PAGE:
Wednesday, April 13, 2005

Martin Heidegger, "What is Metaphysics?" Part 2c

II. The Elaboration of the Question

[Where else can we look in our common experiences that may provide access to the whole unity of beings?] “[B]eing attuned, in which we “are” one way or another and which determines us through and through, lets us find ourselves among beings as a whole. [Unfortunately, such moods or feelings ultimately] conceal from us what we are seeking. [What we need is an] original mood which in the most proper sense of unveiling reveals the nothing. Does such an attunement, in which man is brought before the nothing itself, occur in human existence? This can and does occur, although rarely enough and only for a moment, in the fundamental mood of anxiety.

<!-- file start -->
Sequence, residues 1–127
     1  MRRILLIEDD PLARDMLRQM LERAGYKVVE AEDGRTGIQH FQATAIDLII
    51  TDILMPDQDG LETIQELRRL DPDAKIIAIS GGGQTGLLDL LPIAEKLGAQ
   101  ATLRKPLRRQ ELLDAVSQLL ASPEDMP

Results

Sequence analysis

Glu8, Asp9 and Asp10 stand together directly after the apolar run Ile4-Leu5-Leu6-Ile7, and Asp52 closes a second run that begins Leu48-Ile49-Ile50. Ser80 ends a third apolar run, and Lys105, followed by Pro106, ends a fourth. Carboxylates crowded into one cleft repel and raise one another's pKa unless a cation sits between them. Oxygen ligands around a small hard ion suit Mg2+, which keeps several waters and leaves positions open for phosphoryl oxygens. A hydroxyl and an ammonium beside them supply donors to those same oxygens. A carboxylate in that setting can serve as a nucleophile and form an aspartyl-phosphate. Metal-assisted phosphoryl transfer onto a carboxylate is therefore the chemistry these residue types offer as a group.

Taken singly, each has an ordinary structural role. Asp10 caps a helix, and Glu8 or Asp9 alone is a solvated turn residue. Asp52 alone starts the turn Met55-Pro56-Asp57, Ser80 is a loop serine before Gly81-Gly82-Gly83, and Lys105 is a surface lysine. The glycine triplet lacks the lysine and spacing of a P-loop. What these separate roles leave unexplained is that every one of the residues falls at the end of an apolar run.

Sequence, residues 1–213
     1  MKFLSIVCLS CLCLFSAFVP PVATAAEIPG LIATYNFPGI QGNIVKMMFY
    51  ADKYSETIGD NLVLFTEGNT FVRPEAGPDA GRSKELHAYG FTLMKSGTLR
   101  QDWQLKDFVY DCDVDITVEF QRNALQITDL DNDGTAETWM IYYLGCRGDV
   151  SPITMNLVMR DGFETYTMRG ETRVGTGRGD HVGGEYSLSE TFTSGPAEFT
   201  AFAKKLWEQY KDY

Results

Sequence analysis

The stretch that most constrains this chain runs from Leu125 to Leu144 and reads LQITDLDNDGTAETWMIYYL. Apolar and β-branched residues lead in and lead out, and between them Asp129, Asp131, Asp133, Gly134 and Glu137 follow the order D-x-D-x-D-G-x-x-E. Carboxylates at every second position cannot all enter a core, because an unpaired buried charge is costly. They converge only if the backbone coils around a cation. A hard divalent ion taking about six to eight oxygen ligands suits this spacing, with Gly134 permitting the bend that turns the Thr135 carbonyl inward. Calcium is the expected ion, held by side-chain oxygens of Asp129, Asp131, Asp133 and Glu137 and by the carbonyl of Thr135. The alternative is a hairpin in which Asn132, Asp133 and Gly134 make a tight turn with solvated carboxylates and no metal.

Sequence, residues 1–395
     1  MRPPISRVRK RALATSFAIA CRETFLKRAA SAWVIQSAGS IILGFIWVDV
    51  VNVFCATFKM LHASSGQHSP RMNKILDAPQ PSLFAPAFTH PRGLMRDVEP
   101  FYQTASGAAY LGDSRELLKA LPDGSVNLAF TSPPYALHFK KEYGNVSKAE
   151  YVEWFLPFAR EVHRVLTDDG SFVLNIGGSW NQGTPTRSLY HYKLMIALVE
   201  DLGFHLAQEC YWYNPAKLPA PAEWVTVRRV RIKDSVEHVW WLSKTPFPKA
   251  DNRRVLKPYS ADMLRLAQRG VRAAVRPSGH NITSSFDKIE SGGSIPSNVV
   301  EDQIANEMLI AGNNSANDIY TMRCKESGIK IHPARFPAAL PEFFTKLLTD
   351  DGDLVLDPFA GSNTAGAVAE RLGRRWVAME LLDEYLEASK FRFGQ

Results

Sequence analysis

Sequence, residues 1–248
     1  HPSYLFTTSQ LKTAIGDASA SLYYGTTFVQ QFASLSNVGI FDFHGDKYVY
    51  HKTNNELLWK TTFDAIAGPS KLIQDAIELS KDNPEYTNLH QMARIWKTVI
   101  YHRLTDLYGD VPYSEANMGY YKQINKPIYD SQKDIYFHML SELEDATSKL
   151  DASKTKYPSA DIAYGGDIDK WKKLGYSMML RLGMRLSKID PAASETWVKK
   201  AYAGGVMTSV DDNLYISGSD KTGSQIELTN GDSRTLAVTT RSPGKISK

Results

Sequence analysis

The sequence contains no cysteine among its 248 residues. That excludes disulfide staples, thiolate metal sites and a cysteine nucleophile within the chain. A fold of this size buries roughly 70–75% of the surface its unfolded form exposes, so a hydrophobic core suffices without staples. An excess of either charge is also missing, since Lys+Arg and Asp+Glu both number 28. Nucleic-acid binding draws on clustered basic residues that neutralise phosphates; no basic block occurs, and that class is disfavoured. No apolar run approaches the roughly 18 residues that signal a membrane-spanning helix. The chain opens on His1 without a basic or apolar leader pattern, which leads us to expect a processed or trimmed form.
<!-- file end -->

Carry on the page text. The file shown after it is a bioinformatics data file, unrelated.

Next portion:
By this anxiety we do not mean the quite common anxiousness, ultimately reducible to fearfulness, which all too readily comes over us. Anxiety is basically different from fear. Much to the contrary, a peculiar calm pervades it. [Anxiety arises as] indeterminateness comes to the fore [and] in this very receding things turn toward us. The receding of beings as a whole that closes in on us in anxiety oppresses us. We can get no hold on things. In the slipping away of beings only this “no hold on things” comes over us and remains. Anxiety reveals the nothing.

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